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House Advances Internet Surveillance Bill

August 4, 2011 - by Donny Shaw

Under the title the “Protecting Children from Internet Pornographers Act”, Congress is advancing legislation that would make it easier for law enforcement to access information about the online activities of all Americans, regardless of whether or not they are suspected of having committed a crime.

By a 19-10 vote, the bipartisan bill was approved by the House Judiciary Committee on July 27th, as the media frenzy around the debt ceiling debate was consuming virtually all the attention being paid to Capitol Hill. It will now move to the full House floor for a vote on passage. Unless perceptions of the bill shift dramatically, it is expected to pass and move to the Senate.

At the heart of the bill is a requirement that all commercial internet service providers to retain information about all people who use their service in case they are ever asked to hand it over to the authorities:

‘(h) Retention of Certain Records- A commercial provider of an electronic communication service shall retain for a period of at least one year a log of the temporarily assigned network addresses the provider assigns to a subscriber or customer of such service that enables the identification of the corresponding customer or subscriber information under subsection ( c)(2) of this section.

As Rep. Zoe Lofgren [D, CA] noted during the markup, that language is not limited to just IP addresses. “That last phrase, Subsection ©(2), is a reference to 18 U.S. Code 2703( c)(2), which says, ‘A provider of electronic communication service or remote computing service shall disclose to a Government entity the name, address, local and long distance telephone connection records, or records of session times and durations, lengths of service, telephone or instrument number, means and source of payment for such service, including any credit card or bank account number.’” An amendment to limit the data that ISPs would have to collect under the bill to IP addresses only was rejected by a 7-16 vote.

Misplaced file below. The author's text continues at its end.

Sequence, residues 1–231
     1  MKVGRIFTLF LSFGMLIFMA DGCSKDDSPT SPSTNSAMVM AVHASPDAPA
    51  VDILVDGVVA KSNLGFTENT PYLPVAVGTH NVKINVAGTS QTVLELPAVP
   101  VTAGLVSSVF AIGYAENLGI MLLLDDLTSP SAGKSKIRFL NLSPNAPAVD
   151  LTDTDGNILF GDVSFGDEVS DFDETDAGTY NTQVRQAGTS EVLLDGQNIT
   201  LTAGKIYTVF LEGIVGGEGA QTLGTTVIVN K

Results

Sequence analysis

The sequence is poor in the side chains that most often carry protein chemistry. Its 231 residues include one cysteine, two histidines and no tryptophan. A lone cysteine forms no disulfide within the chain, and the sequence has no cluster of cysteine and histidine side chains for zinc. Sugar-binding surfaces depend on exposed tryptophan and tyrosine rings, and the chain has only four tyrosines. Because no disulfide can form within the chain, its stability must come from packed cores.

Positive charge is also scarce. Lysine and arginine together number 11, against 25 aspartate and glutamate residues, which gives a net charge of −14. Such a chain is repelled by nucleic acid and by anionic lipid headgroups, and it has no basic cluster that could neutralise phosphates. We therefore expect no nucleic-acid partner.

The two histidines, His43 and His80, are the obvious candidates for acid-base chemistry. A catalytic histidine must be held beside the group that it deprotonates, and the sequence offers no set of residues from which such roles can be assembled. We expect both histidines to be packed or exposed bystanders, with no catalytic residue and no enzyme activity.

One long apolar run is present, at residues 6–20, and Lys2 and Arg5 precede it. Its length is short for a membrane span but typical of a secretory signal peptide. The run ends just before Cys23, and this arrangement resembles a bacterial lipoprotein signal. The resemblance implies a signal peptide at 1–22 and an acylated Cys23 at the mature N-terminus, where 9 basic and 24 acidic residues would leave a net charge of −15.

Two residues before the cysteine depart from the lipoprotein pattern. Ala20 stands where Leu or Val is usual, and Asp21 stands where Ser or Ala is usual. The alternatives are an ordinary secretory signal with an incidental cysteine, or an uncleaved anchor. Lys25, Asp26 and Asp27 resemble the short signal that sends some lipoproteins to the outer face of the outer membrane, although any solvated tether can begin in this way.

Here’s the Electronic Frontier Foundation:

Mandatory data retention would force your Internet Service Provider to create vast and expensive new databases of sensitive information about you. That information would then be available to the government, in secret and without any court oversight, based on weak and outdated electronic privacy laws.

That same data could become available to civil litigants in private lawsuits—whether it’s the RIAA trying to identify downloaders, a company trying to uncover and retaliate against an anonymous critic, or a divorce lawyer looking for dirty laundry. These databases would also be a new and valuable target for black hat hackers, be they criminals trying to steal identities or foreign governments trying to unmask anonymous dissidents.

Under the bill, businesses required to retain data would be given complete liability relief in the case of data leaks. That could mean that less effort would be made to secure people’s personal information, making it easier for hackers to break in and steal it. Furthermore, during the markup, Judiciary Committee Chairman, and bill sponsor, Rep. Lamar Smith [R, TX], pretty much admitted that the bill would be used more broadly than its title suggests. The data retention by ISPs would be used to “assist State and Federal law enforcement officials with child pornography and other Internet investigations.

Rep. John Conyers [D, MI], the top ranking Democrat on the Judiciary Committee, believes the bill is a sneak attempt at making it easier for the government to monitor citizens. “The bill is mislabeled,” he said. “This is not protecting children from Internet pornography. It’s creating a database for everybody in this country for a lot of other purposes.”

Along those lines, take a look at the amendment below. It was rejected, of course.

Lofgren Amendment

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